3 Ways That Music Affects the Brain and Your Hearing

NZH Music blog headerWhen it comes to our hearing, it’s important to remember that we not only hear with our ears, but also with our brains. Research has shown that musicians have bigger, better connected, more sensitive brains.

“Musicians have superior working memory, auditory skills, and cognitive flexibility”.

Listening to music is one thing, but learning to play an instrument has an even bigger impact on brain function, and the way it affects our hearing in the long run, at all stages of life. Take a look at 3 ways that music can affect your brain, and how it can help to rehabilitate some aspects of hearing.

1. Improves selective auditory attention

People with impaired hearing will often notice that it’s harder to concentrate on someone’s voice when there are other noises in the background - in a café or restaurant for example. Additionally, those with tinnitus have almost the opposite dilemma, where they are only able to focus on the ringing in their ears. Through their training, musicians have strengthened brain networks that allow them to intentionally hone in on specific sources of sound, and almost block out the surrounding noises.

In some cases, music can provide a potential benefit to auditory attention for non-musicians, as the brain learns to focus on individual sources of sound. This helps to stay focused on speech, while selectively “ignoring” all the competing background noise. Some hearing aids now assist with this aspect of hearing, which also helps to train our brains to stay locked in on the sounds we want to hear.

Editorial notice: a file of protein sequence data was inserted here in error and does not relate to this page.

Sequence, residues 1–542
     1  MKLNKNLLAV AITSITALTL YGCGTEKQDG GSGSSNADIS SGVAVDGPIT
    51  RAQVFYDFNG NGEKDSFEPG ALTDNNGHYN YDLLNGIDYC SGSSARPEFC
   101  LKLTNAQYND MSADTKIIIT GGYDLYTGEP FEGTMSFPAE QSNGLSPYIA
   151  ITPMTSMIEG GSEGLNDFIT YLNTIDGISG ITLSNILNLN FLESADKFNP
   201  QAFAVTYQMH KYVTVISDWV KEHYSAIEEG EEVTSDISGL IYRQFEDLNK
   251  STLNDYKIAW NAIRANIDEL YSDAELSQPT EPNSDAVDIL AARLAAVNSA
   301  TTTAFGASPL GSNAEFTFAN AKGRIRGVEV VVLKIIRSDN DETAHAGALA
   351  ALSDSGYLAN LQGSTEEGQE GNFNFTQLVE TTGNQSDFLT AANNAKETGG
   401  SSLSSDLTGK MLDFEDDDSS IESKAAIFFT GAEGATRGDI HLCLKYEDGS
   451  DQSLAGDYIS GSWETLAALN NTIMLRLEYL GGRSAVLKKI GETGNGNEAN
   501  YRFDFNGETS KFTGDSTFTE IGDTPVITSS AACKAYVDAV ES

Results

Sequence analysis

2. Stimulates brain activity

When you listen to or play music, your brain gets a total workout. Stimulating your brain in this way, especially as you get older, helps to retain important listening skills, as well as ward off age-related cognitive decline. A study published in the Journal of Neuroscience found that learning to play a sound on a musical instrument adjusts brain waves in a way that improves listening and hearing skills over a period of time.

Another study by scientists from Friedrich Schiller University in Jena, Germany, showed that this kind of musical training had long lasting effects, despite severe hearing loss. In their study they found that musicians could pick up on harmonies that were slightly off-key, even though they had lost most of their hearing. Factory workers who experienced similar levels of hearing loss were not able to make the same observations.

3. Enhances speech understanding

Not only has singing and music been shown to reduce stress and anxiety, it may also benefit our hearing. More specifically, it may improve the way we hear and understand conversations, thanks to the way it can develop fine-grained pitch perception, which helps to support speech perception in noise.

For example, when we sing with other people in a group or choir, the brain releases endorphins that makes us happier and more creative, but might also help to identify nuances in speech. Our brain learns to pick up on these subtle changes more easily over time, as you train it to tune in more intentionally.

Whether you learn to play an instrument, listen to your favourite tunes online, or enjoy going to live concerts, music can have a profound effect on your brain and hearing health. If you’d like to make the most of the music you’re listening to but your hearing isn’t quite as good as it used to be - be sure to get in touch with us for a comprehensive hearing check up so you can feel your best, and enjoy the sounds you know and love.

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